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Why does Ng help me so much

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Deep notes high notes medium notes.... when I sound ugly on recording i re-do it with "ng" and just cry it before trying singing again.

Then when I sing the song my resonance is way "turned on" hard to explain but why does the Ng help so much? and how can I use the principal behind it to train better.

- JayMC

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Deep notes high notes medium notes.... when I sound ugly on recording i re-do it with "ng" and just cry it before trying singing again.

Then when I sing the song my resonance is way "turned on" hard to explain but why does the Ng help so much? and how can I use the principal behind it to train better.

- JayMC

Its a semi-occluded phonation... it balances the sub-glottal and supra-glottal respiration pressure of your vocal folds and tilts your cricoid into a twang-like position. If you maintain the compression you get from this nasal vowel through the passaggio, it also has the benefit of helping to coordinate CT/TA through your bridge.

If you have a copy of "The Four Pillars of Singing", you have a lecture titled "Semi-Occluded Phonations" that does a fair job of explaining all this. Or you can click on the FREETVSLESSONS below in my signature and get access to the audio version of this lecture...

BTW, you can do the same thing and will probably get a similar favorable result with the other two nasal consonants, /M/ & /N/... One last thing... if you are training with Pillars... are these not the three nasal consonants you should be "buzzing" in exercise #1? If you are my student, you should know the answer to your question that you post... Im assuming that you are a client of TVS and have "The Four Pillars of Singing"?

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the "ng" is an awesome, highly beneficial exercise which keeps you from overblowing and straining, and teaches you about positioning up and out of the throat.

also it helps approximate the folds without over compressing them or allowing too much air through.

it's restrictiveness is it's prime benefit.

go from an "ng" and open up to a vowel to really do yourself some good.

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ng has other uses, too. I find it's a good place to onset from if I am starting a lyric or phrase in the higher end of the range. Like Rach sing, your tongue starts high, preventing you from accidently scooping the note.

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I truly believe using NG is one "secret" to mastering the voice.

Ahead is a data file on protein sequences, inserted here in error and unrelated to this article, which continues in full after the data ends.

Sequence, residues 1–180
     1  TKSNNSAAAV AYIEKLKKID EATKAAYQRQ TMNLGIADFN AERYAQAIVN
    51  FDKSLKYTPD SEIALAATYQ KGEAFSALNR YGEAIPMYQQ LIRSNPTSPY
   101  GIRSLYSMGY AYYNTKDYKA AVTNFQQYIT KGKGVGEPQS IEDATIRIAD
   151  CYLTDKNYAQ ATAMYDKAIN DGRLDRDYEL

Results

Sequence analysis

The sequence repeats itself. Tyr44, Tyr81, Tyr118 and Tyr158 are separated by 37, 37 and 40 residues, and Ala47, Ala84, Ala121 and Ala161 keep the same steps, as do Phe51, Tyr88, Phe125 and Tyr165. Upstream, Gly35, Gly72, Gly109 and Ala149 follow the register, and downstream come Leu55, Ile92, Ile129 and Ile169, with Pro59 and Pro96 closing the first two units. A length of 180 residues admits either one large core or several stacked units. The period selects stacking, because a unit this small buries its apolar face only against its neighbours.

I used to be a chronic overblower, however when the NG is performed correctly it will not function with overblowing, you will stall and not be able to ascend in your range or your folds will blow apart.

When you master doing a low volume (NOT falsetto/neutral) NG, you have a very solid foundation for the voice. The tounge can simply be dropped and you have a perfectly modified AH (more like Aww), which I even think Tamplin has stated is the best vowel for growing the voice since the other vowels stem from this setup. Try it for yourself, say "sing"; sustain the ng; drop the tounge and feel how you automatically have a perfectly modified Ah (Aww).

This is a difficult coordination (currently working on this every day), it's a light coordination but via other exercises such as mesa di voice you learn to increase the support and swell it into a very loud phonation.

Here is a quote:

If a singer can achieve a free jaw and "NG" against the hard palate (tongue root wide) with the back wall of the pharynx open, they can sustain this most difficult range.

From this page http://www.voiceteacher.com/passaggio.html

The things written on this page make a whole lot of sense to me now that I am experiencing this for myself. I feel that when I use a well produced NG, I can sustain whatever note I'm sitting and can very easily change the vowel sound with very subtle changes (tounge, mouth, all the parts which create the vowel).

Before I used to picture different phonations through different vowels, but now I feel more that there is only one phonation created by the vocal folds and the breath, and that the vowel and sound colors are very very subtle afterthought/modifications to this core phonation. So I feel that the NG trains my "core phonation" and it lets me do this without all constriction of the jaw, tounge and neck (which was my huge problem).

Also if you are trying to expand your range, the NG (when practised correctly) guides the voice through the proper adjustments, which will feel alien and foreign at first (if your voice knew these adjustments, you would already have the range). I always wondered how I would find the resonance adjustments needed to go higher, like a catch 22 "how do you do that which you can't do", and the NG helped me with just that. Carves out the path for the voice when done correctly.

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